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Free + Valuable: Why I'm Excited About Zora Protocol Rewards

A big-picture take on creative labor, value, and reciprocity

About six weeks ago, Zora announced the most groundbreaking positive-sum arts funding mechanism I’ve seen in web3: Protocol Rewards.

Remarkably, it even delivers ETH rewards for free creative work.

The Protocol Rewards mechanism collects a small fee in ETH from collectors when they mint collectibles as NFTs. Artists, writers, and other creators can mint their work on the Zora chain by paying gas fees only. The Zora smart contract then directs portions of the collector fees to the creators, referrers, curators, and first minter, regardless of where the mint occurs.

This means:

  • An artist using Zora Mints can choose not to price their art (i.e., release open editions with a price of 0 ETH), and yet

  • The work can accrue value in ETH directly to the creator in perpetuity, for as long as the underlying blockchain operates and people continue to mint.

I'm still floored every time I read that. Obsessed, even. Cryptomedia can be both free and financially valuable to the artists and creators? Directly? In perpetuity?

Indeed, that's Zora's mission: " make creating on the internet free and valuable."

To clarify: artists who set prices for their work also benefit from Protocol Rewards, and since all blockchain interactions involve network fees, even 0 ETH open editions are not strictly free for any users. (For more info, read the docs and support page).

However, it still makes sense to think of Zora Mints as "free" in two ways.

First, Protocol Rewards gives artists a new way to earn ETH rewards over time as their "free" (0 ETH) hidden gems get discovered and minted. This opens never-before-seen possibilities, especially for underrated and emerging niche artists.

Second, Protocol Rewards is the first reliable web3-native positive-sum counterweight to the extractive economic forces that financialize "free" art to the detriment of artists. The key to this value unlock is reciprocity: rewarding "free" creative labor that has long been undervalued.

A writer's take: "It’s been beyond my imagination. A free piece of art has resulted in the largest sale, by many multiples, I’ve had in my three years here. There’s something about free and Zora has found a way to leverage that."

A musician's take: "...using Zora Network as a musician right now just gave me so much hope and happiness."

An analyst's take: "As others are moving away from creator royalties, Zora has doubled down on its position with 'Protocol Rewards.' Creators now earn a revenue share on free mints, regardless of where the mint occurs."

Let's unpack some context and take a closer look at value flows in the arts.

When Art is "Free," Who Pays?

To fully appreciate the brilliance of Protocol Rewards as an unlock for "free" value flows, it's helpful to compare extractive economic forces with reciprocity norms in arts networks.

Artists' time, labor, and creative gifts are frequently taken for granted or treated as an afterthought — i.e., implicitly assumed to be available "for free." Accounting for the true costs of "labors of love" would involve a reckoning with this tyranny of valuelessness.

Meanwhile, powerful entities use extractive means such as control over supply chain chokepoints to accumulate much of the value artists create. When these systemic extractive forces (e.g., "...the big brands that think exposure is cash") co-opt the vast majority of the value generated by labors of love in arts networks, artists pay out of pocket for these egregious failures of reciprocity.

In healthy arts networks, normative patterns of value flow follow positive-sum logic, in which "free" creative work includes obligations of reciprocity to the commons. Extractive forces prey on these norms of gift economics by capturing this "free" value and financializing it in zero-sum ways that shift risks and costs onto artists.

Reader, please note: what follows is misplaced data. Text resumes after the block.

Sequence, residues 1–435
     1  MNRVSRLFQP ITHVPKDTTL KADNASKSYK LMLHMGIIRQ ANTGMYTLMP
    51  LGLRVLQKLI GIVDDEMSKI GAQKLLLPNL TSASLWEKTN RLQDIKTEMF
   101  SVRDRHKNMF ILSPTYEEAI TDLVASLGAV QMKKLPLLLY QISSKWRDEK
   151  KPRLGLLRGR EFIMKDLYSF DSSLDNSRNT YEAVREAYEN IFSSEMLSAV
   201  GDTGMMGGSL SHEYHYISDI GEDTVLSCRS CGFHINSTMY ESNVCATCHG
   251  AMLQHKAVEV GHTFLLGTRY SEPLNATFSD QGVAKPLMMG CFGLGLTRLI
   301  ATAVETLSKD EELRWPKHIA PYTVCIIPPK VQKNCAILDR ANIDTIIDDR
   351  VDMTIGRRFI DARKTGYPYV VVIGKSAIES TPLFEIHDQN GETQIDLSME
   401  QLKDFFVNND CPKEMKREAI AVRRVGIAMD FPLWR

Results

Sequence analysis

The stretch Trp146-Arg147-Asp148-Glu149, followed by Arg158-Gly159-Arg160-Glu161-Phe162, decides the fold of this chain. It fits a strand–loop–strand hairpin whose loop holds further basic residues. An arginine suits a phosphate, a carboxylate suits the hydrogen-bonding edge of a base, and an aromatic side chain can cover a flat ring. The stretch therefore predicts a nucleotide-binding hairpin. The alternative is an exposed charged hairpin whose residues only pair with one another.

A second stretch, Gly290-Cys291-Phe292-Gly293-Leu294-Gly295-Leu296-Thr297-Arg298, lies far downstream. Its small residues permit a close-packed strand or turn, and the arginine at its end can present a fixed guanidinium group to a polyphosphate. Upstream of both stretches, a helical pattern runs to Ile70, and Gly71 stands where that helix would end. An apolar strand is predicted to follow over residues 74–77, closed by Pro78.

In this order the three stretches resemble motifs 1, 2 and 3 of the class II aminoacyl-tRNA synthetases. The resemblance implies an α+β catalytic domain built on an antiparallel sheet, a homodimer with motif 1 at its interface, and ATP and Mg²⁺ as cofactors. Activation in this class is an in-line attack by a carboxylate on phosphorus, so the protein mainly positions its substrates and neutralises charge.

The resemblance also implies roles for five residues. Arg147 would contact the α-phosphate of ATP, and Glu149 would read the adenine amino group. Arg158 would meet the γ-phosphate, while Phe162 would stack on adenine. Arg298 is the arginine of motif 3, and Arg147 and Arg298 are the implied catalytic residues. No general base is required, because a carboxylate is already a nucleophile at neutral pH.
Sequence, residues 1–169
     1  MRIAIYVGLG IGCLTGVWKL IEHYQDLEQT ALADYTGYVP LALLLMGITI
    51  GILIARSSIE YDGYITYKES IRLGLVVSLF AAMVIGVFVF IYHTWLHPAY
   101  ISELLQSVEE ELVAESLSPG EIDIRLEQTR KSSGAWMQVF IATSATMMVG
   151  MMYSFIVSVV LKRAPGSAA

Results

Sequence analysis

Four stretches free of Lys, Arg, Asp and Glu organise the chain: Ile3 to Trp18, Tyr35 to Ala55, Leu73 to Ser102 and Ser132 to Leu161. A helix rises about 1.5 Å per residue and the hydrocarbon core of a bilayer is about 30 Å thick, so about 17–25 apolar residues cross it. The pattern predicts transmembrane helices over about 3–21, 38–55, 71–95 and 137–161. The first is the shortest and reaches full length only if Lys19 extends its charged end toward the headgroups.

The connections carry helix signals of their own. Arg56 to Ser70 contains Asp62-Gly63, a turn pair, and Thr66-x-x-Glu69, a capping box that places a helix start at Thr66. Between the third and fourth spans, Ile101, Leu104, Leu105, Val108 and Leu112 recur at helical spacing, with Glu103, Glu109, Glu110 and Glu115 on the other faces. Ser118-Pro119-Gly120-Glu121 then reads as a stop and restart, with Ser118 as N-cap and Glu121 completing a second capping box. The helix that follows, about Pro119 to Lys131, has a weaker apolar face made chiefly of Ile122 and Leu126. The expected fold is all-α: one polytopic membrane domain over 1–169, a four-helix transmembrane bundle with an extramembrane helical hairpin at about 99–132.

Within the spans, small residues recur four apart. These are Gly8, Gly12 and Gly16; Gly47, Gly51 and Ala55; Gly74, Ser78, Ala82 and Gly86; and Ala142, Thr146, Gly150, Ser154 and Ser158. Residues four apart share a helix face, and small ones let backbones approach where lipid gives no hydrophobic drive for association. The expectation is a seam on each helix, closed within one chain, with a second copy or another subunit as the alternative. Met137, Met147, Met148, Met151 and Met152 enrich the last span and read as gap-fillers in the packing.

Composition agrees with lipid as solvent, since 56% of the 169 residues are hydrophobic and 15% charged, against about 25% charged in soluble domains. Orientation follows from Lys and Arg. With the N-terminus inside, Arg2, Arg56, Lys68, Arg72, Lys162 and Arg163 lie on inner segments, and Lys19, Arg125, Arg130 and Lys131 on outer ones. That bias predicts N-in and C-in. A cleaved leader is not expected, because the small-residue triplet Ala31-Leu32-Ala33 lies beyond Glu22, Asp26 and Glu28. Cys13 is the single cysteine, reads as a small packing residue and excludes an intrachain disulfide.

As Zora CEO Jacob Horne explains:

"...platforms are monetizing your content by selling off the ad space, exchanging with advertisers and keeping all of that value for themselves. If you’re a large creator, you might be lucky enough to get a percentage of this value from your own content. The reason these companies are worth billions of dollars is in part because they are able to monetize your content that you give them for free.

By minting your content on a platform like Ethereum—a blockchain that is entirely public and decentralized—you now have a way to own your content that is entirely native to the internet."

Positive-sum mechanisms such as Zora Protocol Rewards can reduce dependence on these extractive entities by facilitating the return of long-extracted value directly to artists.

While the amounts involved may seem negligible at first, it's worth noting that Zora has already built a cash cow in a bear market. Consider the possibilities of Protocol Rewards in the context of composability, network effects, universal comment layers, and compounding over time. With expansive fees, Zora is beginning to reclaim artist-generated value from being structurally co-opted and accumulated by extractive forces.

Herein lies a latent superpower. Thanks to Zora, web3 now holds a new key to unlock it. To use it wisely, web3 will have to be intentional about incentive alignment that revalues artists on their own terms as artists, not only as content creators.

The Arts Generate Abundant Value

Lewis Hyde writes in Created Commons:

"The arts regularly generate their own currents of wealth, and rather than treating them as charity cases, or as loss leaders for...“true” commerce, there ought to be ways to channel that wealth back to freshen its source. If there is a commons of creativity there ought to be a way to manage it so that it perpetuates itself."

The arts regularly generate their own currents of wealth. That bears repeating, since few of us are encouraged to perceive the arts from that perspective.

What if more web3 projects took a page from Zora's playbook and developed positive-sum mechanisms that reward creative labor as wealth generation?

What if web3 channeled more of that generative wealth back to freshen its source, and developed ways to manage it so that it perpetuates itself through reciprocity?

Reciprocity in arts networks is fundamentally relational. As an example, here are some observations on value co-creation as seen through the lens of my creative process as a music journalist.

  • Musicians create music and release it.

  • I listen, enjoy the music, deepen my music appreciation skills, and further develop my tastes.

  • Over time, I explore the context and history surrounding the music. I listen to similar artists, follow labels, talk to other fans, and read liner notes and interviews.

  • Music inspires my own creativity. I write about my favorite albums, curate playlists, interview musicians, create album promo blurbs, and help build context by contributing my own input into the mix.